Defense Date


Graduation Date

Fall 2008


Immediate Access

Submission Type


Degree Name





School of Nursing

Committee Chair

Gladys L. Husted

Committee Member

Mary Ann Thurkettle

Committee Member

Anthony P. Mannarino


nursing case management, nurse case manager role, hospital case management, role perceptions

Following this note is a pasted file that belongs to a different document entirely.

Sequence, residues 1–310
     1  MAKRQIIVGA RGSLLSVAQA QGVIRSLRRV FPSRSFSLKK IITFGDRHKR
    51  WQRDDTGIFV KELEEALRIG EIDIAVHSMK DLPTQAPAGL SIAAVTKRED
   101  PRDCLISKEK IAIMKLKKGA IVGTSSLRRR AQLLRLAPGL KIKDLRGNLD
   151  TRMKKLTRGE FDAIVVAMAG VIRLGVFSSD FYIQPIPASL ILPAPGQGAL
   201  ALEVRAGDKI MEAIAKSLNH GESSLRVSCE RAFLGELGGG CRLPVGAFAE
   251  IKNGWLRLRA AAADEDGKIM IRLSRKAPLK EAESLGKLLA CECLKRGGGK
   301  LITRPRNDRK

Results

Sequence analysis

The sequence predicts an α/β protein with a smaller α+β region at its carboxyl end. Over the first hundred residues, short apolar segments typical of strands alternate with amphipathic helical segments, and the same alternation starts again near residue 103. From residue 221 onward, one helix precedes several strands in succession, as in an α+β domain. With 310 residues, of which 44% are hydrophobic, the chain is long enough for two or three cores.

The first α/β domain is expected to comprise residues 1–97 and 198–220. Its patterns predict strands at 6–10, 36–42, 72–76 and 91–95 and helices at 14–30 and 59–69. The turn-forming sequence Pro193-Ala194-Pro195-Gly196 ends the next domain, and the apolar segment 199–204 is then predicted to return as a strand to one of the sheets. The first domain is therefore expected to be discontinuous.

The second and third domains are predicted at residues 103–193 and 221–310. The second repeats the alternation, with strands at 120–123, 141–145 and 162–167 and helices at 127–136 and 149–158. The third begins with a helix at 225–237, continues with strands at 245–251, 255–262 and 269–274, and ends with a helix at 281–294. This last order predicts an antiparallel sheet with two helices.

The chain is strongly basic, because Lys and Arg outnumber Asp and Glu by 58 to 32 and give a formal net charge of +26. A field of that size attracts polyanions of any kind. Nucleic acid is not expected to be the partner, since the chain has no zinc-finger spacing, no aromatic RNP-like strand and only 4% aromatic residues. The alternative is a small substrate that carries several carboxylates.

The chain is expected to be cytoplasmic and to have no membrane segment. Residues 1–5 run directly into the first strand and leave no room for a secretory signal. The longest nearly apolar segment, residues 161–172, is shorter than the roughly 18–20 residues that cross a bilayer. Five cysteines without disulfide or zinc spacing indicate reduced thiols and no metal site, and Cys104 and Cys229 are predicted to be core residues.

The purpose of this study was to gain a better understanding of hospital based nurse case managers' perceptions of: (a) their role in today's rapidly changing healthcare environment, (b) practices and other factors that contribute to role success, (c) sources of role frustration, and (d) opportunities to enhance future role success and satisfaction. The study is significant because efficient and effective hospital based nursing case management benefits patients/families, nurse case managers (NCMs), hospitals, insurers, and the community at large. As the emic point of view of participants was highly desired, a qualitative descriptive design using focus groups method was selected, and six research questions were developed to achieve study goals. Because the main objective of the study was to gain an understanding of the NCMs' perspectives of their role, Role Theory was used as the organizing framework. Underlying propositions of Role Theory (Biddle, 1979) supported the use of the focus groups method as the researcher was interested in the perceptions of a group of NCMs in the context of a particular setting rather than an individual's sole experience or perceptions. Study participants (n=11) were recruited from a purposive convenience sample of NCMs working at a 600+ bed, not-for-profit, inner city academic medical center in a Mid-Atlantic state. The focus groups were conducted using a semi-structured interview guide to stimulate discussion and ensure study goals were achieved. The focus group method was the ideal research methodology for the study. The participants were very open, enthusiastic, and willing to talk about their views and work experiences related to the research questions. The goals of the study were achieved with two focus groups due to saturation of the data. The focus groups were audio-recorded and verbatim transcripts produced. A rigorous transcript-based data analysis strategy was used. The verbatim transcripts, detailed field notes, and debriefing session notes were all used as sources for the data analysis; however, the transcripts were the primary source. Following data analysis procedures outlined by Krueger (1998c), 31 themes and 19 subthemes emerged from the data. Direct quotes from participants were provided to support the study findings.